But Dave knew that at certain points, he had to let his best players create offense for themselves in some situations.
He saw that ability in Nik, and he kept pushing Nik to become a better, smarter player. Instead of destroying Nik’s confidence, like brash instruction might have for most players, Nik took Dave’s instruction as a challenge.
“He definitely pushed me in a lot of ways,” Nik said. “Coming in, I hated playing defense. I hadn’t really ever played defense at all, and he made sure every time I stepped on the court, I didn’t play unless I played defense.”
Dave said he had to “pound it into him” because he wasn’t used to playing much defense.
“I remember after the very first practice, he came to us the next day and said ‘I won’t be able to go today because my knees really hurt,’” Dave said. “We just laughed at him and said, ‘Nik, get ready, your knees are going to hurt the rest of your life.’
“If you’re a basketball player, they’re going to hurt. So we asked him, ‘When’s the last time you did running like we did yesterday?’ He said never, and we said, ‘That’s why your knees hurt, so start learning.’ ”
As one of the underdogs in the Adidas Super 64 Tournament in Las Vegas, the Grassroots Canada squad wasn’t expected to make it far. But after seeing Nik dominate the opponents, Ro and Anthony knew.
“We won some grueling games, and he brought us all the way to the semifinals,” Ro said. “After that, the fact that he was able to put the team on his shoulders, that’s when me and coach Huggy knew. After that tournament, we talked about it and said, ‘This kid is going to be an impact player in college and had an opportunity to go in the NBA.’ ”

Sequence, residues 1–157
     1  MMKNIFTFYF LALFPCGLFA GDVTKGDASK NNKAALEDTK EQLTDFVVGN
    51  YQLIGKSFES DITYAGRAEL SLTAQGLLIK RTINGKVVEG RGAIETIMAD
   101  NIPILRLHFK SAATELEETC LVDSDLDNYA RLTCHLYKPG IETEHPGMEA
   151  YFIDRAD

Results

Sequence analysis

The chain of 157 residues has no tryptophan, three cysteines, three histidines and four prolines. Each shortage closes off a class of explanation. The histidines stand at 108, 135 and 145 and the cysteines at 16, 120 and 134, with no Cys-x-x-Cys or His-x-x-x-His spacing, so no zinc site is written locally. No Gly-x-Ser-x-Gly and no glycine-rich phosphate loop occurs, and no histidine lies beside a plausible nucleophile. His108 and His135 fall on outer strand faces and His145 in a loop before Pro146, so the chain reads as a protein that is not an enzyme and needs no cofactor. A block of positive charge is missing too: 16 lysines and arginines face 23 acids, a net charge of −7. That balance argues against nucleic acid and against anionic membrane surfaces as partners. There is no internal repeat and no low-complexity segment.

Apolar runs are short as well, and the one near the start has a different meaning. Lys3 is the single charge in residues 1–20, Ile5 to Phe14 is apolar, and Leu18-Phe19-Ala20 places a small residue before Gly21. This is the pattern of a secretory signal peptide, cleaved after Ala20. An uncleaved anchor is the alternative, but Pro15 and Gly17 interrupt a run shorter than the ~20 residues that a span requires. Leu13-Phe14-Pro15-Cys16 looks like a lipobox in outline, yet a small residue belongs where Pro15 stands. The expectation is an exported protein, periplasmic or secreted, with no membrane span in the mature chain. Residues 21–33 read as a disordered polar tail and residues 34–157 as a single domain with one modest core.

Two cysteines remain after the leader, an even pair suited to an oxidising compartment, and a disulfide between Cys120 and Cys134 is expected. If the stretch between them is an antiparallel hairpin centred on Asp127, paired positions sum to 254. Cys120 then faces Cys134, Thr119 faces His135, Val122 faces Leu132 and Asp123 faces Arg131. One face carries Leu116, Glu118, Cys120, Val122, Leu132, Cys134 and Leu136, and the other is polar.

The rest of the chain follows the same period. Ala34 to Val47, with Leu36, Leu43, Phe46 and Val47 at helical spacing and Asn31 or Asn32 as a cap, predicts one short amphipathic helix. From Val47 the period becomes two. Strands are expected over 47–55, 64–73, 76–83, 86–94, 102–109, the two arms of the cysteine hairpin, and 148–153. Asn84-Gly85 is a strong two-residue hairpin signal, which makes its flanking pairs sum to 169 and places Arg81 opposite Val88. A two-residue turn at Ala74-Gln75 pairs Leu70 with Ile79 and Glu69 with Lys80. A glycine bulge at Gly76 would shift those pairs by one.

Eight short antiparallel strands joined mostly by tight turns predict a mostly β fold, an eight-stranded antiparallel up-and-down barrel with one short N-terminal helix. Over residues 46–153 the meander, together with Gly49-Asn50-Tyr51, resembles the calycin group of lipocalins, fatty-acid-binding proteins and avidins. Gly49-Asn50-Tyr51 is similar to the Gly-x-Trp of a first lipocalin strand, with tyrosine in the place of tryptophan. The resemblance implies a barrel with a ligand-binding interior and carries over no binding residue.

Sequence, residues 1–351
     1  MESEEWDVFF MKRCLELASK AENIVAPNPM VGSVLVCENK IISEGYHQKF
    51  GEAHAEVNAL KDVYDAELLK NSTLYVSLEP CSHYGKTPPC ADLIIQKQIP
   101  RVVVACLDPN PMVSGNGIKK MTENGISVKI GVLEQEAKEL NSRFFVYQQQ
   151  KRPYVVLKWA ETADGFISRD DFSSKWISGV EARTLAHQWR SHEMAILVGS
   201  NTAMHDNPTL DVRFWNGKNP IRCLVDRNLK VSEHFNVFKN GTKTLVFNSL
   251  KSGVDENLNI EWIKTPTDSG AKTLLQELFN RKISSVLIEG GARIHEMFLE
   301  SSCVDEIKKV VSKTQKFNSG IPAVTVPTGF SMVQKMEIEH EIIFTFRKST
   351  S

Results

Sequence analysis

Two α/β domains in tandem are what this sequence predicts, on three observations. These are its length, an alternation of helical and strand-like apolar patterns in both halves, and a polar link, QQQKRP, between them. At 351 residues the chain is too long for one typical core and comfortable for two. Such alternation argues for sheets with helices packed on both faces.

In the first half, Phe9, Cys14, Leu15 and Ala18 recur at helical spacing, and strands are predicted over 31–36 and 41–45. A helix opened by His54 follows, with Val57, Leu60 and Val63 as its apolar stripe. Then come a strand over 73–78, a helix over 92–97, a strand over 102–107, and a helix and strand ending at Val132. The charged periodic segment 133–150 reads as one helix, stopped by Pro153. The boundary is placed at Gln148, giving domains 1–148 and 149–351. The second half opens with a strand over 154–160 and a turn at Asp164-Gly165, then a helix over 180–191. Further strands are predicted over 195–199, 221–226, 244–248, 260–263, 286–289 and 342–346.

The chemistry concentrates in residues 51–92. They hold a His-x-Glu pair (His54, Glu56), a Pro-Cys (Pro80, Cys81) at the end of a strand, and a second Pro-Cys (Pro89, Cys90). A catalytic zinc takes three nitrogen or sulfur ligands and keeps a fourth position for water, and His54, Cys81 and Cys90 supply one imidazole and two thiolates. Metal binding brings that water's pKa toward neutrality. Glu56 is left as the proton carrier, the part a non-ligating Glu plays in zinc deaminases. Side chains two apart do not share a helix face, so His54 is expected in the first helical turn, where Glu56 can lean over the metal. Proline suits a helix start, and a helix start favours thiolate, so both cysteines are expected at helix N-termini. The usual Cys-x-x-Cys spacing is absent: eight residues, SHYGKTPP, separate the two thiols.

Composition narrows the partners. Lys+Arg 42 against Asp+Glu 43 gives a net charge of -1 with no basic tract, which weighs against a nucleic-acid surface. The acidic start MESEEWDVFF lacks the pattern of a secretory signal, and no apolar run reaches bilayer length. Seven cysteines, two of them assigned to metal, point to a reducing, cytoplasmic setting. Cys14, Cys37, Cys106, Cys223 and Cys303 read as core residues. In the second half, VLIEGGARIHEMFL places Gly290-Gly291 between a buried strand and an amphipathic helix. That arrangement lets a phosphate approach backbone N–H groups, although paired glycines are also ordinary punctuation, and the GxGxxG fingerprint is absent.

Dave knew even before Nik went to St. Mark’s.
“It was an AAU game,” he said. “(Nik) was playing with some pretty elite AAU teams, and I was on the bench and pulled the bench — tried every single kid on the team to guard him. One after another, I said, ‘Stop him. Don’t let him shoot threes and don’t let him attack the basket.’ Every time they backed off because (if before) he came down and dunked, he hit a deep three (the next time).
“He was just killing us. We just couldn’t stop him, and I thought, ‘Wow, he’s one of the most skilled players I’ve seen.’ ”
And Nik knew he was going to make it, too. Nik bred confidence on whatever court he played, and between his junior and senior seasons at Grassroots and St. Mark’s, Nik knew he’d be able to make it to a successful Division I program and continue to work at his dream of making the NBA.
After all the work he’s put in at the Player Development Center during Michigan basketball practices, Nik hasn’t forgotten where his love for basketball began.
During winter break this past year, Nik went back to that backyard court for a short workout on Christmas Eve. Nik was attempting to make 45-of-50 3-point shots, and Paul was his rebounder.
It was just like old times.
But instead of Paul having to correct Nik’s two-handed form, Nik’s now a better shooter with a crisp, smooth release. And Paul doesn’t have to catch any airballs anymore.
Though Nik’s in Ann Arbor for most of the year working with the Michigan coaches, he never gives up an opportunity to go play on his backyard court.
In the backyard, he’s the same player as always — a determined, confident shooter that fell in love with the sport on that same court.